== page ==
Why yes. Yes, you should read these blog posts from Ontario Edubloggers.
Not only will you be smarter and more informed, they’ll get a bump in the number of hits on their post and, if you decide to follow them, they’ll be more inspired to continue blogging.
And I’ll have something to blog about for Fridays.
Can Public School Boards Discriminate?
There was a time when Catholic school boards were separate and named as such. With the extension of government funding to the end of Grade 12, they are now able to offer a complete program of studies for students.
In this post, Paul McGuire talks about the difference between “Catholic dollars” and “Public Money” inspired by the recent decision made by the Halton Catholic District School Board with respect to fund raising.
How can a publically funded organization be allowed to discriminate against well-established charities and non-profits? This certainly calls into question why Ontario still funds Catholic schools.
It’s an interesting opinion analysis that will get your thinking about what public money really means. And, if you have some to spare, you can buy this 24 page $250 book.
Will this be an issue in the upcoming Ontario election?
Reframing Vacations: Can Learning Only Happen At School?
One of the questions that teachers often get comes from parents wishing to pull their child from school for a holiday, religious, or a myriad of other reasons.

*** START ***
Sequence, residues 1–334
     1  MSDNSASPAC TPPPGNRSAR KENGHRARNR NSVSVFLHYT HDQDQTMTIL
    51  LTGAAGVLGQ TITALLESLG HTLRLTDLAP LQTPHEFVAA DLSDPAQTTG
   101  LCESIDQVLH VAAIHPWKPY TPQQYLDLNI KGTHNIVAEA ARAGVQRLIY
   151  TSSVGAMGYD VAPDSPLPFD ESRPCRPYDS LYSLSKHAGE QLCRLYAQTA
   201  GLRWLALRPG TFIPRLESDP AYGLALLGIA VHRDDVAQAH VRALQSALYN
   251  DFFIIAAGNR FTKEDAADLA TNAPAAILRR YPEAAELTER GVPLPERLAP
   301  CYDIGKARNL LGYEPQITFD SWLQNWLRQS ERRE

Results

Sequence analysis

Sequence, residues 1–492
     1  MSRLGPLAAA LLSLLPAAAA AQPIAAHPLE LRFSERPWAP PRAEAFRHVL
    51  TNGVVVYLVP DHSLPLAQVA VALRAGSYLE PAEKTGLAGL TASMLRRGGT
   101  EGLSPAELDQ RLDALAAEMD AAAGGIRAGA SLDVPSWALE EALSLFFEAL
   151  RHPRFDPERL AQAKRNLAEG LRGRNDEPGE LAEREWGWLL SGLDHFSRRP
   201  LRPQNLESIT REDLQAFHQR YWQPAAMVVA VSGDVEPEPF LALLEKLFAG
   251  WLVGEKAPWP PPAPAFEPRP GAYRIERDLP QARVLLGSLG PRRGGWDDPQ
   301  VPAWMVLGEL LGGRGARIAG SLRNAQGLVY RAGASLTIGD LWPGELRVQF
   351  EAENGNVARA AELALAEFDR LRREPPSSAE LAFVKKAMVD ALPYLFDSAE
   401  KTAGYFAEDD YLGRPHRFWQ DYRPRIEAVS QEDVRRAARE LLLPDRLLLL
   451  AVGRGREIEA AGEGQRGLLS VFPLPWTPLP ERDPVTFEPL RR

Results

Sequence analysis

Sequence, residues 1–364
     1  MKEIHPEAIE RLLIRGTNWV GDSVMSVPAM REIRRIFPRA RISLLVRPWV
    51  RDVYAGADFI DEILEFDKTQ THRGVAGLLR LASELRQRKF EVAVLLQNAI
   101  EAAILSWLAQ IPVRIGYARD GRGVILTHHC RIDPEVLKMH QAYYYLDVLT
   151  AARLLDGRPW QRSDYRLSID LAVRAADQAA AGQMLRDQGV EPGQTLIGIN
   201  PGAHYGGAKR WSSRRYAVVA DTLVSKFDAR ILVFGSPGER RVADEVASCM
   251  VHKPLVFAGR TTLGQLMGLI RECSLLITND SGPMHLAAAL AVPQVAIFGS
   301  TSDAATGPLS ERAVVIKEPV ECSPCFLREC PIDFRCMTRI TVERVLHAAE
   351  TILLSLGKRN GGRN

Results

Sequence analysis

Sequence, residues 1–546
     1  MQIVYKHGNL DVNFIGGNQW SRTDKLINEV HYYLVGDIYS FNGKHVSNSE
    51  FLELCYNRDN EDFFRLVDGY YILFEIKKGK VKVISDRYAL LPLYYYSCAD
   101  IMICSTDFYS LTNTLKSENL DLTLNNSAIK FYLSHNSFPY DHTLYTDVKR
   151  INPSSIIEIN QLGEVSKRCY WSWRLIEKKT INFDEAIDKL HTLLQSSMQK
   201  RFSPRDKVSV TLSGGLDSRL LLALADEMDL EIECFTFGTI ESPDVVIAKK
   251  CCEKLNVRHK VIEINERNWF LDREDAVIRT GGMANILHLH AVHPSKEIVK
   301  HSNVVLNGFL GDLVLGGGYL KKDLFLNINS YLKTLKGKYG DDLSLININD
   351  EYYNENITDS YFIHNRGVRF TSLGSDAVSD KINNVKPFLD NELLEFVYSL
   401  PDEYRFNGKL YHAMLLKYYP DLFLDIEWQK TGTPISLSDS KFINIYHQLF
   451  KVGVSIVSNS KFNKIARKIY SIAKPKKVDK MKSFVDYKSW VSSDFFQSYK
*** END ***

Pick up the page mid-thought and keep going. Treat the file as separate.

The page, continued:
My child will be off school for ## days for ########. Will they miss anything?
You open a can of worms if you answer in the negative.
There are a wide variety of official stances on this and every teacher should know them by heart. Or, if you don’t have your board manual handy, then ask your principal.
Aviva Dunsiger takes a reflective and positive look at this situation. It will happen to everyone so be prepared to answer. But, really, are we so self-important to think that learning only happens in our classes? What about trips to museums, art galleries, etc. while the student is away?
She offers a nice discussion about this including examples about how a student used Facetime from a remote location to stay connected to classmates.
Here’s an idea to start working on right now for those moments.
What if we provided parents with a list of possible experiences for their trips (e.g., going on a walk in the community, visiting buildings in the community, looking at houses in the neighbourhood, etc.)?
As a blogger, I often wonder if anyone even reads the things that I write. It’s OK if people do; it’s OK if people don’t. I just enjoy putting my thoughts to a post.